Will the next generation be the smartest ever?

Even the most tech savvy person has a hard time keeping up to date on the latest technologies as engineering improves at lightning speed. With online courses improving so much over the last five years it is hard to even imagine what the future holds for future generations of employees.

Maybe in the future, on-demand online learning will take place through an interactive microchip in the brain. If that sounds far-fetched, consider the following recent examples that take brain based learning and computer enhanced education to a whole new level.

In 2005, Jonathan Kuniholm lost the lower portion of his right arm in a war injury in Iraq. Robert Arminger, a Johns Hopkins engineer built a prosthetic arm that interacts directly with the remaining muscles in Mr. Kunniholm’s arm to coordinate movements. Jonathan can play a modified version of Guitar Hero for instance by, “work[ing] the controller by contracting the muscles in his forearm, creating electrical impulses that electrodes then feed into the game.” This is the first neurally controlled prosthetic arm ever invented and with the researcher’s open sharing of all technology, many other researchers are looking for additional applications of this innovative mind, body, computer connection.

In 2008, researchers in Canada found that implanting electrodes in the brain and stimulating them can help recover lost memories. This research holds incredible potential for Alzheimer’s patients. Recent equally interesting research out of the University of California at Berkeley indicates that electrodes inserted in the brain can assist in computer generated speech. This has impressive implications for someone like a stroke patient who has lost the ability to speak. Could typing through just thinking about the words be a possibility in the future? In the Berkeley experiment, the patient had 256 electrodes implanted into the temporal lobe of the brain (where speech and images are processed). Simple words were produced but there is still more research to do to obtain a wider vocabulary.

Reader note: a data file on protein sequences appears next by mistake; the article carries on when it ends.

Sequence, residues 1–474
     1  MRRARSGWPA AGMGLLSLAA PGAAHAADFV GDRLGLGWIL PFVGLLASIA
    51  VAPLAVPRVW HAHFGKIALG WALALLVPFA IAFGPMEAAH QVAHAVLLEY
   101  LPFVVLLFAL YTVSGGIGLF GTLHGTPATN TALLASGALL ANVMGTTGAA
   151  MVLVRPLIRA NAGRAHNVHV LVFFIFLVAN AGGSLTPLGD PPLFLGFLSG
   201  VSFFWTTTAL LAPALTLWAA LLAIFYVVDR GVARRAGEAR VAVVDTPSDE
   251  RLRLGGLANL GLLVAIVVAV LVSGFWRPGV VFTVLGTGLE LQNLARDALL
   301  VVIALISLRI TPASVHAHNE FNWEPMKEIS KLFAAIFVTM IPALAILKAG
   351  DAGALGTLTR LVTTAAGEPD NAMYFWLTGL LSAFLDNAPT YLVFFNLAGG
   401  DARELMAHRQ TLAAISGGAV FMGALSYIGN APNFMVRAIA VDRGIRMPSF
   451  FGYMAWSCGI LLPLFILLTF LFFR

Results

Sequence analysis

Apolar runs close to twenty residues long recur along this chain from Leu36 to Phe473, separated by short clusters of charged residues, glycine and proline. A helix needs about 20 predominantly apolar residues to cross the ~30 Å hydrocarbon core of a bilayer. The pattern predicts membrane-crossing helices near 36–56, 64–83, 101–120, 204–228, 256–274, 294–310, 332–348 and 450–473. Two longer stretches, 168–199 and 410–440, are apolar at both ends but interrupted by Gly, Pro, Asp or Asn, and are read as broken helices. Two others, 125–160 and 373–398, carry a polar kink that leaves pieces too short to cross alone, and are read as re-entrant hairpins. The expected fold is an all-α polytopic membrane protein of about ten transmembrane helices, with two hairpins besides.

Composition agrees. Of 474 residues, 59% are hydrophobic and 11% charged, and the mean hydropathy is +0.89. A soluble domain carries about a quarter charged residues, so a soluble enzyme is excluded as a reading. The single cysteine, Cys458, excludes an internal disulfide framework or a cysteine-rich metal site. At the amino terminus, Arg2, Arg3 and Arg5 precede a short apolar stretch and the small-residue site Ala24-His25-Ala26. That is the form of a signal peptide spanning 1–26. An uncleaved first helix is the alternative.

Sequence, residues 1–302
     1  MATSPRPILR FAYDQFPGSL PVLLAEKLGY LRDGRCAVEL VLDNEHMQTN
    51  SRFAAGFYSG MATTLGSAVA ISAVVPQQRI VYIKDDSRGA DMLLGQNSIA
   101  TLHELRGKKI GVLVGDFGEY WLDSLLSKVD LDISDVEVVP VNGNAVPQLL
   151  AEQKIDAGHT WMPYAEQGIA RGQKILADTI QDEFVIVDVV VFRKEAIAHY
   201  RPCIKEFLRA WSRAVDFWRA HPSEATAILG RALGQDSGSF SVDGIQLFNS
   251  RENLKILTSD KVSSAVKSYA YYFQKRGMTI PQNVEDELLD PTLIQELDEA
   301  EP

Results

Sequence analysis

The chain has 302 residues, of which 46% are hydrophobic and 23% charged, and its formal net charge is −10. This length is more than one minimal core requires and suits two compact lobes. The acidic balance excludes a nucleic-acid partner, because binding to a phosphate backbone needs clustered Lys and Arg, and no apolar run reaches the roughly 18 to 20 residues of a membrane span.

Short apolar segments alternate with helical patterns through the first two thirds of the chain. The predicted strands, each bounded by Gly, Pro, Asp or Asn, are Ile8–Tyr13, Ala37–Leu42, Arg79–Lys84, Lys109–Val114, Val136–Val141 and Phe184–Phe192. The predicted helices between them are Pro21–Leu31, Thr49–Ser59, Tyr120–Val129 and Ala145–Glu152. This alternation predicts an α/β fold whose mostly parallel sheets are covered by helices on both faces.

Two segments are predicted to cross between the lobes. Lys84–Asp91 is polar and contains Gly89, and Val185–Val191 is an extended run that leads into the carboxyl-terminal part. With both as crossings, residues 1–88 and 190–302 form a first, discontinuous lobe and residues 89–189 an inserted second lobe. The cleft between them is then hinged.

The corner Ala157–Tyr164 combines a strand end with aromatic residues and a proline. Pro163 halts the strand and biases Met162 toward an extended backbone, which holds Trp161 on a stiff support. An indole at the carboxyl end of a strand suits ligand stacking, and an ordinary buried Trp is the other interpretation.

For online learner enthusiasts and those who sometimes wish they had a second brain to store more information, the stunning research of Dr. Theodore Berger holds the most intrigue.

Dr. Berger from the University of Southern California’s Viterbi School of Engineering has recently created a micro chip that directly interacts with learning, at least in mice. The researcher inserted the chip containing certain information into the brain of the mouse. When the electrodes to the brain were stimulated, the mouse engaged the knowledge on the chip to perform tasks that were not known to the mouse when the switch was turned off. Viterbi reports, “The chip is capable of storing neural signals, basically functioning as an electronic memory, allowing rats to learn more and keep it in the devices.” For any student that has ever dreamed of having a spare brain to store all that new class material it looks like the dream may be closer than you think.

With the ubiquitous use of mobile devices and online applications to conduct nearly every facet of life, it is interesting to consider what life might be like for the future generation of professionals in the most highly competitive jobs in the future. While previous generations might have considered getting their long hair cut a necessary sacrifice to be competitive in the job market, will future generations need to undergo expensive brain chip implants to “out think” the competition? In the quest to be number one, how far will future generations be willing to go?

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